“Is God fair?” is really a loaded question that depends on the standard of fairness, and He gets the privilege of deciding that.  He is not obligated to save anyone; however, He must be just in all He does.  Are we being arrogant to say that Jesus is the only way?  No, because it’s not our plan.  Considering these things makes clear just how urgent a task it is to spread the Gospel of Jesus Christ.  Most who are worried about those in other religions are not concerned enough about themselves.

Lies About God 1: “God is more tolerant of sin now than in the past”

Is God more tolerant of sin now than He used to be?  It may seem plausible, since in the Old Testament the penalties for sin were pretty severe, enforced quickly, and sometimes even deadly.  Some say the Old Testament shows a God of wrath, while the New Testament shows a God of love (just try convincing Ananias and Sapphira of that).  Or has man, as he has become more “enlightened” over the ages, merely progressed in his view of God, accounting for the shift from the primitive, angry deity of the Old Testament to the loving, fatherly figure in the New Testament?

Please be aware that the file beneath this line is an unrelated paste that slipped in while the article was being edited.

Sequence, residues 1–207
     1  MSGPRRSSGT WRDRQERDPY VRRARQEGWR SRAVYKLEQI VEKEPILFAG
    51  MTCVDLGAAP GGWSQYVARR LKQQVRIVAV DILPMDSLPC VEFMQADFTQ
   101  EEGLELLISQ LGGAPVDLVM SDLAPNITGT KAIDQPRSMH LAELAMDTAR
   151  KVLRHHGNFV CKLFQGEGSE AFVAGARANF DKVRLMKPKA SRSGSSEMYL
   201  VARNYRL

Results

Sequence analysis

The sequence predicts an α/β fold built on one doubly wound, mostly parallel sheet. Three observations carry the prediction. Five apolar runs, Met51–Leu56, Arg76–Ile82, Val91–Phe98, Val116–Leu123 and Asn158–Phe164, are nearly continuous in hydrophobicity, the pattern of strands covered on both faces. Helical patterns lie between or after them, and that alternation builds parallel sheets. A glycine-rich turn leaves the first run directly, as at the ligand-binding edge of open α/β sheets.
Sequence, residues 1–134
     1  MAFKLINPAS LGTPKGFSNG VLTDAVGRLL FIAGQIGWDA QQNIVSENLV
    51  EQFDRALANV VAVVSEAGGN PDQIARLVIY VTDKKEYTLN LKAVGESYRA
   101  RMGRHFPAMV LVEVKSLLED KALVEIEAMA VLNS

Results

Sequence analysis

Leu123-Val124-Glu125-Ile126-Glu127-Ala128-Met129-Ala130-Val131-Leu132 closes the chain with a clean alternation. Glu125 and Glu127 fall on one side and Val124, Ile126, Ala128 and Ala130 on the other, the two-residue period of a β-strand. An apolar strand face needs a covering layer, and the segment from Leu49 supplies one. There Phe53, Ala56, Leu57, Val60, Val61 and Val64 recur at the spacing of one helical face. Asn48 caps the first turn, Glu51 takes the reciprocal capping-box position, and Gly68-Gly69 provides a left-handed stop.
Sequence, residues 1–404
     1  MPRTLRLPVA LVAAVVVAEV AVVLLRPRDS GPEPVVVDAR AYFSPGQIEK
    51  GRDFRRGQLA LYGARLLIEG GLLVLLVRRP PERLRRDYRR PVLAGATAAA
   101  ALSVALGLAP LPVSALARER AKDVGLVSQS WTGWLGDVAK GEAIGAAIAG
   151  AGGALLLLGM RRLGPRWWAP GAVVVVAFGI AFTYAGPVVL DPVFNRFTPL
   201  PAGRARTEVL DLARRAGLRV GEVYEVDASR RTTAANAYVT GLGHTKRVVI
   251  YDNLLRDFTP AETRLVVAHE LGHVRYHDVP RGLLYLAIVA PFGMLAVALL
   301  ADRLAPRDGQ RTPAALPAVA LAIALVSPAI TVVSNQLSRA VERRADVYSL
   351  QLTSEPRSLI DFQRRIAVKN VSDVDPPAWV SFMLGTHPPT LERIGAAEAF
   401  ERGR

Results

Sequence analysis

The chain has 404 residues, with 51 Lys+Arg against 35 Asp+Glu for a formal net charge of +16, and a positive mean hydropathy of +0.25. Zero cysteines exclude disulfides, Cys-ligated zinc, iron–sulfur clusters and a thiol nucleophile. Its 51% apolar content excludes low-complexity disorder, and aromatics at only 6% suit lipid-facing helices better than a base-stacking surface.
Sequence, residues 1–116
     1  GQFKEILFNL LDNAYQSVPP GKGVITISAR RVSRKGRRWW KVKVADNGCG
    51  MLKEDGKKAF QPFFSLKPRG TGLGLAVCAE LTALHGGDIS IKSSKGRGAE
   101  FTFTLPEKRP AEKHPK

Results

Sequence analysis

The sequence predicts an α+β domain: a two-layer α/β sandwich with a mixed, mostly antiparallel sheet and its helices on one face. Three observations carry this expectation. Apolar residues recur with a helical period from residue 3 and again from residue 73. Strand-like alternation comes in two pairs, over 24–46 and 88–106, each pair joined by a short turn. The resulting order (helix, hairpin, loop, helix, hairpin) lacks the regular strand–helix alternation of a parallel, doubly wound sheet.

The truth is, God has not changed; He is still holy, just and righteous, as well as merciful, patient and compassionate.  So, if God is the same yesterday, today and forever, what did change, when did it change, and why?

In Exodus 19 & 20, we read of when Moses and the children of Israel, newly freed from slavery in Egypt, came to Mt. Sinai.  The people, and even their animals were not to even set foot on the mountain, under penalty of death.  God descends on the mountain in a dark cloud with thunder, lightning, and an earthquake, and calls Moses to come up to meet with Him.  Terrified, the people back away and beg Moses for God to not speak directly to them, lest they die (Ex. 20:19).